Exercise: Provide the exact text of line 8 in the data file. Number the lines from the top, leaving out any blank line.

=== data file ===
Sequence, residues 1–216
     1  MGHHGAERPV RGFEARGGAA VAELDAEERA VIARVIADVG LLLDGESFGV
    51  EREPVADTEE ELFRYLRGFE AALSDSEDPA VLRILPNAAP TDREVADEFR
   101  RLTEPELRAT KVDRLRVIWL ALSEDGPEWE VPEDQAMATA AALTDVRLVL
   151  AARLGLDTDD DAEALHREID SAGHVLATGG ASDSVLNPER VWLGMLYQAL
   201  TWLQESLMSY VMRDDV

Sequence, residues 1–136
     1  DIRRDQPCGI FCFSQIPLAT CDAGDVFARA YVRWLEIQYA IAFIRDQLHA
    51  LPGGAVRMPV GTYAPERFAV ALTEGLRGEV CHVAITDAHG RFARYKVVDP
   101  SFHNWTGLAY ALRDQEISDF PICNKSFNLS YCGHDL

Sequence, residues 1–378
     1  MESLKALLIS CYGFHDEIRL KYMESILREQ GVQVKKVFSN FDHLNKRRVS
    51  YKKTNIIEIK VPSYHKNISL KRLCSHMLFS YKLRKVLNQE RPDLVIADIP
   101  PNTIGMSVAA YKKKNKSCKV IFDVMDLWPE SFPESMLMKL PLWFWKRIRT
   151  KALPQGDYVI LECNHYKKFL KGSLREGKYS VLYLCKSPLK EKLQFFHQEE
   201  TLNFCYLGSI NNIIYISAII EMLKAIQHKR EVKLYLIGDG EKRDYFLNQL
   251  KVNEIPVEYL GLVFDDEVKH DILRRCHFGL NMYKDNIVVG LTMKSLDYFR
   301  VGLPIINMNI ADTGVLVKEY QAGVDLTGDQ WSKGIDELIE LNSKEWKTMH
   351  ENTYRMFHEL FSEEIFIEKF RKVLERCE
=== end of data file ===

     1  DIRRDQPCGI FCFSQIPLAT CDAGDVFARA YVRWLEIQYA IAFIRDQLHA